Blogs and bloggers are divided between those who use their real names, and those that don’t. At times, onymous bloggers see themselves as more courageous and even morally superior to those who “hide behind” anonymity. Other times, bloggers refuse to even engage an anonymous argument. Some bloggers may seek the cover of anonymity to make hurtful remarks, and others for personal or professional privacy. I believe that there is a third type of anonymity that both subverts modern notions of authorship as well as prioritizing the pure argument by stripping away claims to personal authority, both of which I regard as deeply pious acts.
When Roland Barthes proclaimed the “Death of the Author,” he was critiquing the standard literary critical approach of explaining a text with recourse to the personal life, views, and biography of its author. He sought to dislodge “authorial intent” as the guiding light of literary studies. The next critical move, and one that I find more useful, is Michel Foucault’s inquiry into the question, “What is an Author?” In this short work, he traces the historical genealogy of the concept of “author” as we come to know it today. He argues that in the modern era, ownership of ideas as property and the mythology of the autonomous subject are the chief theoretical constructs of “authorship.” Later in his life, he proposed that all writers in France be forced to publish anonymously for a year so that readers would have to struggle with the actual content of the books rather than the cult of personality around famous philosophers (including himself).
While I don’t think that personal authority is completely irrelevant to making an argument, it is certainly no substitute. Having spent enough time around people with fancy degrees, it doesn’t take long to figure out hat they are just people with highly fallible opinions. However, sometimes these people are blinded by their own credentials and seek to establish the authority of their view without having to defend it. If all arguments could be offered anonymously, they could be forces to stand on their own merits. Keirkegaard and other modern philosophers often published pseudonymously for the same reasons.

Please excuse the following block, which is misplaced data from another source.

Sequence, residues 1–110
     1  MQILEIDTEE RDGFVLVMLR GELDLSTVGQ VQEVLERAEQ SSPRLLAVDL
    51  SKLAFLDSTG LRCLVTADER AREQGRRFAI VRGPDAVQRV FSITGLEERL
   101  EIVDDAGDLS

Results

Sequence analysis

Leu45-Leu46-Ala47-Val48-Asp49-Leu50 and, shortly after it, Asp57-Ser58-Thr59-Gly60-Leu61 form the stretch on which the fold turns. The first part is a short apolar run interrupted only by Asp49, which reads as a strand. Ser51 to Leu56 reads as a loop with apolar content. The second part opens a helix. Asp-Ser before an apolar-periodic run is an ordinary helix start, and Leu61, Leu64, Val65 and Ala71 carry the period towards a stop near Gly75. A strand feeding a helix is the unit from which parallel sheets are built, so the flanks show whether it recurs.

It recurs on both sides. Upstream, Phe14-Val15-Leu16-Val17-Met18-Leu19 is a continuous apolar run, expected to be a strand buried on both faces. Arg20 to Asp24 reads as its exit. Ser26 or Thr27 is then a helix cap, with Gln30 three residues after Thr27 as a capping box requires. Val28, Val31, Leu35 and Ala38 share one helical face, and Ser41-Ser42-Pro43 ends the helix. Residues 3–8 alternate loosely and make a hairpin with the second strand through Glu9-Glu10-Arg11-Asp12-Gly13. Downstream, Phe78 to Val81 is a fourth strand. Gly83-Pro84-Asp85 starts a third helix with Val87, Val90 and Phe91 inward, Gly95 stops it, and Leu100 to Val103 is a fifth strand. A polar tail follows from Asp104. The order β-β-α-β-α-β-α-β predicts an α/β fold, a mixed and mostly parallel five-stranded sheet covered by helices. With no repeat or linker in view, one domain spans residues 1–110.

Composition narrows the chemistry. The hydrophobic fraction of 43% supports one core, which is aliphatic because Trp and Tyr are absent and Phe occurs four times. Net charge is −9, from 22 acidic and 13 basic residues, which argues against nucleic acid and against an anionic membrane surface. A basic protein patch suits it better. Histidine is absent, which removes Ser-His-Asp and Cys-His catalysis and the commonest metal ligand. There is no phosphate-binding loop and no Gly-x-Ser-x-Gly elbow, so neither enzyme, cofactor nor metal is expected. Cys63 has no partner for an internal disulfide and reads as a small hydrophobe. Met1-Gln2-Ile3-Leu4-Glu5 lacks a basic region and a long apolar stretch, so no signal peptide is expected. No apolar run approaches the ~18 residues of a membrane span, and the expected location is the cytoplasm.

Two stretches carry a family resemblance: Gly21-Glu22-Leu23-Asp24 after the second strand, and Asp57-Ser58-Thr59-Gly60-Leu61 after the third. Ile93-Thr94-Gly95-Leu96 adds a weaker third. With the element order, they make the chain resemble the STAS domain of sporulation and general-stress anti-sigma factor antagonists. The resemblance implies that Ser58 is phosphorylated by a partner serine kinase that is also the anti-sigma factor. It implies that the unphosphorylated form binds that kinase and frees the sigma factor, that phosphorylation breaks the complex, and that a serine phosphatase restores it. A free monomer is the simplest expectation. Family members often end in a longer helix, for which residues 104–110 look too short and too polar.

In antiquity, pseudonymity was a common practice. The vast majority of our canonical works are pseudonymous in that they are not written by the person to whom they are attributed. In some cases, as in the Torah, the attribution was made at a much later date. In others, the author was taking the name of the figure to say what they though they would (or should) have said. In our modern era, this violation of the integrity of “authorship” as it has developed is often taken as a shocking case of dishonesty at the heart of our sacred texts. The only possible motives for such a move, it is thought, would be to lie about the authorship in order to increase the authority of one’s own views by putting them in the mouth of someone more famous. Even if this is a pious fraud, it is thought to be irreverent. Such a view fails to consider the fact that the near universality of this ancient practice meant that few would have taken on face the authenticity of any work’s stated author, and in fact we know that the authenticity of many texts were disputed. Most of the time, no one was fooling anyone.
I’d like to propose that we see pseudonymity not as seeking authority, or pious fraud, but as setting aside the self, sacrificing personal glory. In a way, the motives are exactly the opposite of modern notions of authorship where the author is praised as original and unique. Instead, the author occludes himself or herself for the sake of a higher, holier purpose. His or her own place in history is lost intentionally as the “original” contributions are properly situated as dependent on others. For many, this was a pious, virtuous act of subsuming oneself into the persona of another, while raising the content of the argument as more important that the status of its author. I think that pseudonymous or even anonymous blogging has the potential for such great virtues.